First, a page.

Yesterday a rare event grabbed everyone’s attention — a total solar eclipse. While these happen roughly every 18 months or so, they tend to happen in unpopulated areas or on the open sea. What made the 2017 eclipse so special is the fact that the totality line cut a swath across the United States from Oregon down to South Carolina; twelve states were lucky enough to catch a glimpse of the totality in all. The next total solar eclipse to hit the US won’t happen until 2024, and even then only states east of Texas will be in the path of the moon’s shadow. The next coast-to-coast eclipse won’t happen until 2045; the last one before this was 1918 — almost a hundred years ago.
It’s really neat to be swept up in an event that the entire nation can talk about, especially if it has nothing to do with the current political situation. On Twitter, my feed was full of pictures of people marveling at the shadows of the leaves in their backyard, videos of countless viewing events around the country, retweets of breathtaking views that could only come from NASA, high-end equipment, or lucky people in an airplane while it was happening. Quite a few friends were in Oregon and Colorado and Missouri for the sights, and one guy lost his mind when he took perfect shots of the moon blocking the sun, an eerie corona peeking out around the edges. People described yesterday as eerie, beautiful, cool as fuck — for a moment, we were entranced by a celestial event that most of us simply don’t get to see.
It was a really lovely day. Around these parts, my husband and I stepped outside of the burrow to watch the quality of the light change around us. Over the 30 minutes or so it took for the moon to pass over the sun, we felt the temperature drop and a persistent chilly breeze whisper through; we noticed that the birds went largely quiet and still; and that the swaying leaves left rippling, crescent-shaped shadows on the sidewalk. It was eerie, to be honest; it made me think of what it must have been like before we understood what was happening, for random people to notice the shadows changing shape and the animals getting really weird about the weather. If you were in the path of a total eclipse and had no idea what was happening, it would be so easy to think the world was ending or that some supernatural thing was stealing the light from the cosmos.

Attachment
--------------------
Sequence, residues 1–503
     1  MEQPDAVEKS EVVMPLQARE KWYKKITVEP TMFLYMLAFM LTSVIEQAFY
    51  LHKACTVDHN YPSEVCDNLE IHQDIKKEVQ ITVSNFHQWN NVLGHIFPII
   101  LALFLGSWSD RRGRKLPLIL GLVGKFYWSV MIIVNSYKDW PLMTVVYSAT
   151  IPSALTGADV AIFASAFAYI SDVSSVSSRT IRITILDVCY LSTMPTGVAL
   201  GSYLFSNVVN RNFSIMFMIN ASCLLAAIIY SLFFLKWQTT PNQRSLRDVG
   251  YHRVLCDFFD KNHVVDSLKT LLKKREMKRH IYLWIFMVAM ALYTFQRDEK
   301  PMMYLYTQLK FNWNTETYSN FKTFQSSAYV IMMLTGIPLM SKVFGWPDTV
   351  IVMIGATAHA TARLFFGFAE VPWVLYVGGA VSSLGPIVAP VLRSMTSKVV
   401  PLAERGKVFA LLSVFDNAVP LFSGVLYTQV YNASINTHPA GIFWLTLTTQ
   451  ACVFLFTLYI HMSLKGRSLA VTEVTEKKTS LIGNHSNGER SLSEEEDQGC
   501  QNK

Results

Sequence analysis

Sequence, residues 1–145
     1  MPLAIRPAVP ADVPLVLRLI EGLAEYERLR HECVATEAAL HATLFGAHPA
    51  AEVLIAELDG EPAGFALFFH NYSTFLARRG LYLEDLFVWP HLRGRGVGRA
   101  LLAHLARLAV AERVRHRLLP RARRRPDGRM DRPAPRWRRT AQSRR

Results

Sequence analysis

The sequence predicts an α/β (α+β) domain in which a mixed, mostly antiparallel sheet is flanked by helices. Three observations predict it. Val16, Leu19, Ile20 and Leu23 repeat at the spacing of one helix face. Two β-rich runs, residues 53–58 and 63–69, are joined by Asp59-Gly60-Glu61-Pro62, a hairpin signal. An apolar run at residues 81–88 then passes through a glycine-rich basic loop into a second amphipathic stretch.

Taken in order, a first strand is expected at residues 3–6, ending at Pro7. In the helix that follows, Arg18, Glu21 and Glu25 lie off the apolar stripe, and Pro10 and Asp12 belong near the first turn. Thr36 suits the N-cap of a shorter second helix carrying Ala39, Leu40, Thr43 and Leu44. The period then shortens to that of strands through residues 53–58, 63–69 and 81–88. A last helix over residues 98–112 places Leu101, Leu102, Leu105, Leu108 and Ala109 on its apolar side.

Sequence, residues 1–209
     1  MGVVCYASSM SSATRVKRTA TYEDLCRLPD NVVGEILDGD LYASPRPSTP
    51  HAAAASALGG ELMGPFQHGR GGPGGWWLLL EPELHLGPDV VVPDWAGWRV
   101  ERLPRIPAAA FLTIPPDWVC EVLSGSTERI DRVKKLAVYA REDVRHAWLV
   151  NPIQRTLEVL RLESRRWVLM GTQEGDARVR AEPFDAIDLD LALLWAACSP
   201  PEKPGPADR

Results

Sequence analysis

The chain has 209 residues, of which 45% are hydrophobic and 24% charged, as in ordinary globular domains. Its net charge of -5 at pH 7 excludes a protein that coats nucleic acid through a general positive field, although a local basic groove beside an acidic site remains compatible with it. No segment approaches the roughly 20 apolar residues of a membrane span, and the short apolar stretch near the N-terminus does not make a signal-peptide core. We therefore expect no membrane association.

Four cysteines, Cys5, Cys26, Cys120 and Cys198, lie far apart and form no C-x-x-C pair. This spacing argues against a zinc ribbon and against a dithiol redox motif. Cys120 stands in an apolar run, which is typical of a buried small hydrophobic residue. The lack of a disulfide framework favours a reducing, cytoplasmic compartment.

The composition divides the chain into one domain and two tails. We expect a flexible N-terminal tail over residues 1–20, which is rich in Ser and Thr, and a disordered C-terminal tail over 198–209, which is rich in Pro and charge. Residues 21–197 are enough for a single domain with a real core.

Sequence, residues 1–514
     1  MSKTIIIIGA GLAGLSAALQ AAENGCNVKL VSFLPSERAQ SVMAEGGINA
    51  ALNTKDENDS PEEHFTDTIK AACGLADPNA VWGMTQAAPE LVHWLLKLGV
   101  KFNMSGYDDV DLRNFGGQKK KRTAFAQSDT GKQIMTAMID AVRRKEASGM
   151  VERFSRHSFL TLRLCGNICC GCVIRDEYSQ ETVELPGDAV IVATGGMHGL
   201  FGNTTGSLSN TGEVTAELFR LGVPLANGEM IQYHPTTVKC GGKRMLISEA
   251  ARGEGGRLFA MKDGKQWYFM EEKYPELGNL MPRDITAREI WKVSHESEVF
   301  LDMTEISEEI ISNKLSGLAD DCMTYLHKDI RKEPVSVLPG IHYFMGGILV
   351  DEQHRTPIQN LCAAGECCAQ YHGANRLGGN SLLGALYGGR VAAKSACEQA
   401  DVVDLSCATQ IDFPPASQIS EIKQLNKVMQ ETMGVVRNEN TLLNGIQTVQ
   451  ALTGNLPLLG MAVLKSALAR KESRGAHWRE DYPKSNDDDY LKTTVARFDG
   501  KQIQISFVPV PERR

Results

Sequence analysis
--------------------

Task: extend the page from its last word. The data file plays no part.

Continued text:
That made me glad for all of the knowledge we’ve gained over hundreds of years. We now know that this isn’t apocalyptic, or even supernatural — it’s simply a very rare thing that happens only when the conditions are just right. Eclipses are something to be celebrated, marveled at, instead of feared. And around the country almost every American got to take a moment to do that — look up at the sky in wonder, reminded of just how fantastic it is to be alive on this planet with the ability to appreciate the beauty and rarity of what we witnessed. These days, with the myriad problems and divisions we face in our daily lives, we almost never get to come together and feel this way — humbled, happy, appreciative — but we did yesterday.
I think, moving forward, while it’s probably not possible to create this kind of feeling across the nation for everyone, it’d be nice to find smaller ways to call it forth in our communities and personal relationships. There is so much beauty in the world still, and so many wonderful things — it’s just as important to take a moment to stop and appreciate them as it is to fight for their preservation. All too often we focus on the things we’re fighting against that we don’t fully absorb all of the things that we’re fighting FOR.
That’s an essential part of resistance to me — holding on to the things that give us joy and hope, that remind us of what the world could be. I know that I don’t let myself feel that kind of honest, earnest joy nearly as much as I used to because everything is so heavy, all the time, and if you allow your heart to feel light for even a moment it’s like you’re not taking things seriously. But that’s not true. I know what’s at stake; moments like yesterday, that happen all too rarely as it is, disappearing entirely from our world.
I guess that’s all I wanted to say. Just take a minute to remember the things that make you truly happy. Allow yourself to feel joy and ecstasy whenever you can. Encourage that feeling in others. Expressing and spreading happiness is vital, and we tend to overlook that.